An initial investigation of Monday night’s helicopter crash, in which the pilot was killed and co-pilot was seriously injured, found that it was not connected to a rotor problem that grounded the entire fleet of Apache attack helicopters earlier this year, the army said Tuesday.
However, the military said it could not yet offer more details on the cause of the crash.
Shortly before 9 p.m., Apache helicopter pilot Maj. (res.) David “Dudi” Zohar alerted the Ramon Air Base in southern Israel that his aircraft was experiencing an as-yet unidentified malfunction.
A few minutes later, as Zohar and his co-pilot were bringing their helicopter in for a landing on the base’s runway, it crashed. Zohar was killed; his co-pilot, a lieutenant on active duty, was critically wounded.
The co-pilot was rushed to Beersheba’s Soroka Medical Center in critical condition. At the hospital, doctors worked to stabilize his condition, performing operations throughout the night, a Soroka spokesperson said.
On Tuesday morning, he was brought the operating room. The spokesperson said he remained in serious condition in the hospital’s intensive care unit.
The major and lieutenant were members of the air force’s 190th Squadron, also known as the Magic Touch Squadron, which flies the Boeing Apache, specifically the AH-64A Peten (Cobra) model.
In the aftermath, one of the first questions raised was whether it was caused by the same rotor problem that grounded the army’s fleet of Apache helicopters earlier this summer.
In June, a crack was found in the rear rotor blade of a Boeing Apache helicopter, specifically an AH-64D Seraph (Winged-serpent). After the discovery, Israeli Air Force chief Maj. Gen. Amir Eshel barred the military’s two squadrons of attack helicopters from flying missions until an investigatory team could determine the underlying issue.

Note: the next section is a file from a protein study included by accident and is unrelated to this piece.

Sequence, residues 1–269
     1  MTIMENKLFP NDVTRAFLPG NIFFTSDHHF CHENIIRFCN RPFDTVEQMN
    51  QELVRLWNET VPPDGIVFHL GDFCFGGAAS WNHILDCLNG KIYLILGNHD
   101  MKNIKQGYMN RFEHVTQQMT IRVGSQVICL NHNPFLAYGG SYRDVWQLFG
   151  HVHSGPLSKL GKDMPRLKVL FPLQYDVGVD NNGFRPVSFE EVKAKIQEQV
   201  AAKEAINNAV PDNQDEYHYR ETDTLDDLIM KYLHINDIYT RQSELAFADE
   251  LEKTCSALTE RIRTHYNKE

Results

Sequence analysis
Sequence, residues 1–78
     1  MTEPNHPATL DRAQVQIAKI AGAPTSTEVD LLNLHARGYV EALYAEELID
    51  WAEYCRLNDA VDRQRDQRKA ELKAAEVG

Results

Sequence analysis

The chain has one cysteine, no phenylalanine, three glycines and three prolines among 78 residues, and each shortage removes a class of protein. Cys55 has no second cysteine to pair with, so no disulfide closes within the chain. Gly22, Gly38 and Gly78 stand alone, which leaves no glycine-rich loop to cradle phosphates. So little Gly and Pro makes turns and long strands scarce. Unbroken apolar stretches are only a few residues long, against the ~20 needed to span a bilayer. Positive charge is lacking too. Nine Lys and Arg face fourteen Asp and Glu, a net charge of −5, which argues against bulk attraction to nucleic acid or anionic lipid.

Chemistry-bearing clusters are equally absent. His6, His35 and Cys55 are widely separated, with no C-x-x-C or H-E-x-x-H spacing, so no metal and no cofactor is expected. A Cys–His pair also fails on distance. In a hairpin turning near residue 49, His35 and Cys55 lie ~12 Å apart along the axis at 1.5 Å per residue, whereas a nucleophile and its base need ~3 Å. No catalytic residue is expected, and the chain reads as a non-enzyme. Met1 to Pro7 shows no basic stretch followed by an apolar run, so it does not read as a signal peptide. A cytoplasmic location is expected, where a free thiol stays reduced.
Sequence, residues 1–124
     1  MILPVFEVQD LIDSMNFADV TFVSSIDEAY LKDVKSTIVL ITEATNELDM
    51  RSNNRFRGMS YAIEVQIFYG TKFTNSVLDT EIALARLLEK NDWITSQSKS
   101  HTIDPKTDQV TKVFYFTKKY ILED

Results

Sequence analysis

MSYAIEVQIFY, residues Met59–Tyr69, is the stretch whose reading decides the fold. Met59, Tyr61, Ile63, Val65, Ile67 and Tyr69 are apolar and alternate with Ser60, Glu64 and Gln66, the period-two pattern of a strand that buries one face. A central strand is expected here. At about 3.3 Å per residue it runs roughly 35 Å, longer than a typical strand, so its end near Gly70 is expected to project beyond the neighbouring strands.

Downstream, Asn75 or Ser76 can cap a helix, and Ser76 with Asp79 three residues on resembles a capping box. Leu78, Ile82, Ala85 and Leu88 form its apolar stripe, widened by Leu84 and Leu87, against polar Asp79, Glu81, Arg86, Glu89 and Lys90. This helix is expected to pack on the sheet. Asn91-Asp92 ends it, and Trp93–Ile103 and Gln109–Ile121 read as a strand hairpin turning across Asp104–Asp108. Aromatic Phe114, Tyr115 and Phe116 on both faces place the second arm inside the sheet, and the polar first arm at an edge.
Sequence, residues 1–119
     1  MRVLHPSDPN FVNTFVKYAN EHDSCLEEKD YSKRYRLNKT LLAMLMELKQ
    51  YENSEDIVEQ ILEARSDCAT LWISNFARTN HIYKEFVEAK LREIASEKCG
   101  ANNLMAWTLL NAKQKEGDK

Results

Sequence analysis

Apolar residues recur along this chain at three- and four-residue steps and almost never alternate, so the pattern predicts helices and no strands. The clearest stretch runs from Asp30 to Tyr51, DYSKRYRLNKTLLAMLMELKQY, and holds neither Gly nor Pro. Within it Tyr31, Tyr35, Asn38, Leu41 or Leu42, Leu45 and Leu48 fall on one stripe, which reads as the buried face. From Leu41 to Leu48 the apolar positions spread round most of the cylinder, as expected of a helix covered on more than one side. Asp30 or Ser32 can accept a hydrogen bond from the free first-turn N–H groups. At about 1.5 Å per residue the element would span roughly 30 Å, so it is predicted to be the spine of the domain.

The inspections in June uncovered a second crack in the original helicopter, due to heavy use of the aircraft, which had clocked over 2,000 flight hours by the time the cracks had begun forming.
However, the air force did not discover this to be a widespread problem and the Apache helicopters were cleared for flights in July, though new safety regulations were instituted, including shortening the rotor blades’ lifespan by 80 percent and implementing regular X-ray checks of all blades.
Monday night’s fatal crash occurred during a training exercise that was part of the air force’s process of gradually returning the helicopters to full service, an army spokesperson said.
A full investigation, led by an air force colonel who served as a helicopter pilot, has yet to be completed. However, an initial probe did not uncover “a connection between the malfunction that took place [Monday] and the cause for the grounding of the fleet a month and a half ago,” the army said in a statement.
On Monday night, Eshel again grounded the entire Apache fleet, which provide close air support for ground troops, while other types of helicopters are used for troop movement and supply transportation.
The attack helicopters will remain out of service until the colonel finishes his investigation, the army said.
Zohar, a 43-year-old captain in the reserves, was scheduled to be buried in the military cemetery in Haifa, his hometown, at 6:30 p.m. on Tuesday, the army said.
His family requested a private funeral, with no media coverage.
As the military does not release the names of pilots, the critically injured co-pilot can only be identified as a lieutenant. They were the only two on board.
The army kept news of the crash under a military censor until the families of the crewmen could be notified.
In the time between the training accident and the removal of the censor, rumors spread on social media that a senior officer was wounded or killed in the crash. The army vehemently denied the false reports.
Monday’s crash also came after another Apache helicopter carried out an emergency landing in the Hebron Hills in the southern West Bank on July 23 following a technical issue with the aircraft.
The army would not specify the nature of the problem; however, the Walla news site reported at the time that the rear of the aircraft began shaking, which was not in itself dangerous, but could be indicative of a more serious problem.
As soon as the helicopter was back in working order, “it took off and returned to its base,” according to an army statement at the time.
Times of Israel staff contributed to this report.